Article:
INSTITUT SUPERIEUR D'ANTHROPOLOGIE
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SPRING TERM : APRIL 2017
ISRAEL – Haifa - An identical replica of a 2,500-year-old merchant vessel that ran aground off the coast of present-day Israel set sail from the port of Haifa yesterday. The original ship ran aground 500 years before Christ’s birth, but was discovered in 1985 south of the northern Israeli city. The small vessel was pulled from the depths three years later, a statement from the University of Haifa and the Israel Antiquities Authority said. It had been exceptionally conserved as it was buried under sand for two millennia and was therefore protected from erosion, archaeologist Avner Hilman of the Antiquities Authority said. “The ship was loaded with a very heavy cargo of shale coming from Cyprus, and following a navigation error it ran aground on a sandbank near the coast and was buried,” he told AFP. He said the wreck’s state was “exceptional” considering its age. The keel, numerous wooden plates, 14 cross bars and the base of the mast were found intact, offering researchers rare insights into how such ships were built, the statement said. Work on building a replica began two years ago using ancient techniques, including a toolbox found in the wreck.
EGYPTE – Héliopolis - Minister of Antiquities Khaled El-Enany said on Thursday that the royal colossus discovered last week in Matariya district, Cairo is probably a statue of 26 dynasty king Psammetich I not King Ramses II as believed earlier. Hieroglyphic signs and initial studies carried out on fragments of the colossus suggest that it belongs to king Psammetich I(664-610 BC)-26 Dynasty, El-Enany said. The minister explains that the torso’s back-pillar has preserved one of the five names of king Psammetich I. "If it belongs to this king, then it is the largest statue of the Late Period that was ever discovered in Egypt," he said. This date explains the puzzling features of different ancient stylistic details since the Late Period, which is known for its archaizing art. Dietrich Raue, the head of the German archaeological mission which participated in the discovery mission, pointed out that the colossal statue is carved in quartzite which was hailed from from Al-Gebel Al-Ahmar in what is now modern eastern Cairo. The statue originally measured about 9 meters in height. The two fragments of the statue were discovered under the water table, which made their location and extraction extremely difficult, Raue explains.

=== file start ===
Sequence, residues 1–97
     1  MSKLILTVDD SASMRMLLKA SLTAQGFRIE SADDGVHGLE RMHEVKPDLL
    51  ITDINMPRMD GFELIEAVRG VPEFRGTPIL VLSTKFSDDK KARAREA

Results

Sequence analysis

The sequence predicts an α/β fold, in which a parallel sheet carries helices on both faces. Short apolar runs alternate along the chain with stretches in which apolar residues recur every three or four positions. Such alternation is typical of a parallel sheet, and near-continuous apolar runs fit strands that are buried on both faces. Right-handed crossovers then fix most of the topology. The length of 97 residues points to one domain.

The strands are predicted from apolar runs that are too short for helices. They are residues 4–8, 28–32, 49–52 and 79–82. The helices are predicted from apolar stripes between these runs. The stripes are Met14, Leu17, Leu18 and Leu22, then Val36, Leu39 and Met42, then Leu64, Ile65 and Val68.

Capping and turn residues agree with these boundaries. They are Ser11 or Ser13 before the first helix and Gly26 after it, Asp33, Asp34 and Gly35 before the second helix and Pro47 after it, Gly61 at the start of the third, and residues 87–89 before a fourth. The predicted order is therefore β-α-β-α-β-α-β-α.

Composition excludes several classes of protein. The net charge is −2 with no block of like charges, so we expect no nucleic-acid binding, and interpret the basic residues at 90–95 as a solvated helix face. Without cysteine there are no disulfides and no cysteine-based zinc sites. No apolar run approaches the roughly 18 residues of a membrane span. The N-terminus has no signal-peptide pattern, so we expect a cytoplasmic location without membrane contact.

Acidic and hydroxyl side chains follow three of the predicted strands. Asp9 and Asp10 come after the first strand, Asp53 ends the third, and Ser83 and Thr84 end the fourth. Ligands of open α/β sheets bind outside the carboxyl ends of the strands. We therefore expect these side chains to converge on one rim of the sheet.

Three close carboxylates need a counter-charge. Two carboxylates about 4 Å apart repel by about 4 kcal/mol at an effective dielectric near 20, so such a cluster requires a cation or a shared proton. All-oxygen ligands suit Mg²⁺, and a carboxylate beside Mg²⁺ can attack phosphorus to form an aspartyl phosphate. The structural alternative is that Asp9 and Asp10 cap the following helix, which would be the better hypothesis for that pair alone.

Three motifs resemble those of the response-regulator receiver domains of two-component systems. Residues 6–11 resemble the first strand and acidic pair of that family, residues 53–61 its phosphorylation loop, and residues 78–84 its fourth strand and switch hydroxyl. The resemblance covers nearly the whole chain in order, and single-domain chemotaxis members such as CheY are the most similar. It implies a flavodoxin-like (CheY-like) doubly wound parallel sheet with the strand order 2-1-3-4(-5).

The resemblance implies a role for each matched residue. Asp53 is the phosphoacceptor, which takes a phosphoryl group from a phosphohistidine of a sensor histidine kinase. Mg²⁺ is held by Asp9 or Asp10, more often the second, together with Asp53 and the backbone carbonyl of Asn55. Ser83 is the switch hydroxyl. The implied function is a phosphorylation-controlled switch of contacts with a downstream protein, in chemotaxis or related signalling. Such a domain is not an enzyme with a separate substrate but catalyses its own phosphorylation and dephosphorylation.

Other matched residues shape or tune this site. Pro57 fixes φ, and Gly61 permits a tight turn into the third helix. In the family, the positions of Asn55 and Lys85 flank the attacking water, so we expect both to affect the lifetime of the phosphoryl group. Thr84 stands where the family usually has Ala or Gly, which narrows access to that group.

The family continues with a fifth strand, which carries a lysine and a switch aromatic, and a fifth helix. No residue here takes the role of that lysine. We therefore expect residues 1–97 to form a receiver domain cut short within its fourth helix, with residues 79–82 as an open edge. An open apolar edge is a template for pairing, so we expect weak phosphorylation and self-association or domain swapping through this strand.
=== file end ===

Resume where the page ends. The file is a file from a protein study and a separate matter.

ROYAUME UNI – Pontefract - Archaeologists unearthed the encampment after being given the opportunity to examine the site of Barratt Homes’ new Ashmeade Park housing development off Cobbler’s Lane. They came across a roundhouse and other structures as well as objects including a bone needle, tweezers and part of a brooch. A large amount of pottery, including broken bowls and jars which were used for cooking, and at least 12 ovens were also uncovered in the find.
GRECE – Ampelakia Bay - Archaeologists have discovered the site where the Greek fleet gathered for the Battle of Salamis against the Persians (480 BC), after finding antiquities in the waters of Ampelakia Bay. A 20-member scientific team was involved in the underwater research that took place in three sides of Ampelakia Bay on the eastern coast of Salamis island in the months of November and December 2016. According to the Ministry of Culture and Sports, the 2016 main field of research (which is under a three-year program) was the inner (western) part of the Ampelakia Bay. “This is the commercial and possibly military port of the Classical and Hellenistic city-municipality of Salamis, the largest and closest to the Athenian state, after the three ports of Piraeus (Kantharos, Zea, Mounichia),” says a Ministry of Culture statement, adding that “It is also the place where at least part of the united Greek fleet gathered on the eve of the great battle of 480 BC, which is adjacent to the most important monuments of Victory: the Polyandreion (tomb) of Salamis and the trophy on Kynosoura. References to the ancient port of Salamis responded to works geographer Skylakos (4th c. BC), the geographer Stravonas (1st Century BC-1st Century AD) and Pausanias (2nd century AD).” The statement also confirms that submerged antiquities were found on three sides of the Ampelakia Bay (north, west and south), “which gradually sink and emerge depending on the change in sea level, with the ebb, especially the February, reaching half a meter. The ancient remains found in shallow waters include traces of harbor structures, fortifications and various buildings.
BANGLADESH - Nilphamari - Recovery of archaeological findings has started in Nilphamari district. Located near Binna Dighi, a huge pond in Gorgram Union Parishod (UP) of Sadar Upazila, the excavation initiative was opened by Cultural Affairs Minister Asaduzzaman Noor yesterday. According to perception and myth King Virat of the eighteen century excavated the pond. Archaeological materials were hidden nearby the pond which would be excavated. The historical Binna Dighi pond, what has been renamed as Nilsagor, now is located eight Km northwest of Nilphamari municipality. The size of Nilsagor pond comprises 55 hectares of land and its depth is 28 feet to 32 feet.